These criteria should be set depending on your niche and email marketing needs. However, the way you craft the material is vital to your overall success.

These tips will help you develop compelling email sequences:  

Set aside some time to Outline Your Purpose

First, you must know your goal, and in order to do that, you must know your audience, including the kinds of problems they are dealing with.

Second, what is the overall purpose of sending and creating the email sequence? Don’t just create an email sequence because you know it is the best marketing strategy. It helps if you have a clear goal and know what you want to accomplish.

Is your goal to educate your clients? To let them know that you are reliable and your emails will be useful to them? Is your goal to lead them into a special product launch?

Sometimes your email sequence will be part of a course they buy.

When you set up your autoresponder, you will be able to  signify the number of days between emails. This is very helpful when setting up courses or other sequences.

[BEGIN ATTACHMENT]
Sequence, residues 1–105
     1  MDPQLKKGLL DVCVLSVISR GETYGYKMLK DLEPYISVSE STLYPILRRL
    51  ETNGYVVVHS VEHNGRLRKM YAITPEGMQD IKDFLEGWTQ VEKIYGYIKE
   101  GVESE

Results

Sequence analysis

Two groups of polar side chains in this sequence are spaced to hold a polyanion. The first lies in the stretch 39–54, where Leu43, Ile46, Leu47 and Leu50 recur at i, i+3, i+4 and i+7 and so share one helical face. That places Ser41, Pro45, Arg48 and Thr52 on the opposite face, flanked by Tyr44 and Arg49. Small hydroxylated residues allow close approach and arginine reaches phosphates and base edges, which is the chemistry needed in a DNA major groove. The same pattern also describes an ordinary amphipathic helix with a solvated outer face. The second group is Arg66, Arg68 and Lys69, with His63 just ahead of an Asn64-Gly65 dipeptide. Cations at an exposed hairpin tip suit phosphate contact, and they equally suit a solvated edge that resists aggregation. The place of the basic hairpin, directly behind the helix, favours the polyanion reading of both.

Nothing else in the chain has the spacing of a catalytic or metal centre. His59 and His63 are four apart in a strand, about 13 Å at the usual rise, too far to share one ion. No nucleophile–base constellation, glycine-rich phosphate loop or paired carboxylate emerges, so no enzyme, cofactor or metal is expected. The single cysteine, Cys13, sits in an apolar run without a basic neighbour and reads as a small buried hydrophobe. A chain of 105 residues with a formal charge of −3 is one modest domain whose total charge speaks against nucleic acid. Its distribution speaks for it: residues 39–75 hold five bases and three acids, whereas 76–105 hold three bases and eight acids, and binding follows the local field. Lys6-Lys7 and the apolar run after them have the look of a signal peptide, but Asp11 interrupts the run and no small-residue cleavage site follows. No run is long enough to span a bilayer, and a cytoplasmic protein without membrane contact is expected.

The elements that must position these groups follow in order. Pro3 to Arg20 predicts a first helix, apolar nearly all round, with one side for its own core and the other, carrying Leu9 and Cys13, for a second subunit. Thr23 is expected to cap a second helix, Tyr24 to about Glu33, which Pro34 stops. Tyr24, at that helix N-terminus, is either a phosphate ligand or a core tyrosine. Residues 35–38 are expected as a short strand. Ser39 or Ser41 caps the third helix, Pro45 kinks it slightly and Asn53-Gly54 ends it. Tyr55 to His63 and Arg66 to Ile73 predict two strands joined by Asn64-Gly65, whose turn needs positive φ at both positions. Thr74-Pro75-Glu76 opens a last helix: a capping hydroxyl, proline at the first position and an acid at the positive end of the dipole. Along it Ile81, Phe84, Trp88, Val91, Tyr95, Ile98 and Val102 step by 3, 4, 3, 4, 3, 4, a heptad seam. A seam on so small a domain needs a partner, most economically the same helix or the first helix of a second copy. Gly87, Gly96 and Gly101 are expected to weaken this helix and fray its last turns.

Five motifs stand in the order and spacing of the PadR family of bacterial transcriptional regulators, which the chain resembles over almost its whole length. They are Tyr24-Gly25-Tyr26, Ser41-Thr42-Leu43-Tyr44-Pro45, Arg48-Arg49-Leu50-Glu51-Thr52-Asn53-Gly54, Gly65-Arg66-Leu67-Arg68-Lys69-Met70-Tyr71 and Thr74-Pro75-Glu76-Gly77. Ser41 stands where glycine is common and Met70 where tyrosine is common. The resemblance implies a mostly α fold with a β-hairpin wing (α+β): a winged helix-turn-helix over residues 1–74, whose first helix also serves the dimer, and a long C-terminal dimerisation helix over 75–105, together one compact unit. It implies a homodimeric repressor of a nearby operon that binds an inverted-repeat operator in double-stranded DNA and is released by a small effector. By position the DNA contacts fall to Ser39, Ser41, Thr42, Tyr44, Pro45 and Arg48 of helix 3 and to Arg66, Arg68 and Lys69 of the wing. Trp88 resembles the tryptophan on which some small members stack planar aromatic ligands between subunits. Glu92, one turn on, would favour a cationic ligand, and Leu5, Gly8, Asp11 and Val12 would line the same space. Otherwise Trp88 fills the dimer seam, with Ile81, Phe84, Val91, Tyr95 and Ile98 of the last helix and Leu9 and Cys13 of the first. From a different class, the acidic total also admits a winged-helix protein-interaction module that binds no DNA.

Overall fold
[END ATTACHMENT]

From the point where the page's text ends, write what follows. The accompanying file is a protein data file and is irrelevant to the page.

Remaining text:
Perfect Your Title and Subject Lines

We’ve talked about this before, but your subject lines and titles are very important.

Believe it or not, there was a day when people were excited to get an email! Any email!

Obviously, those days are long gone. So think about how you go down the list of emails you have received. What makes you open them? A catchy title. One that looks like it might have valuable information. Or one that could help you solve a problem.

So take this cue for your titles. If you want your people to open your emails, have titles that will stand out and grab their attention.

Then you can check your open rates. This metric allows you to keep track of how your content or emails are performing. If your open rate is not what you want it to be, it is likely due to your titles or subject lines.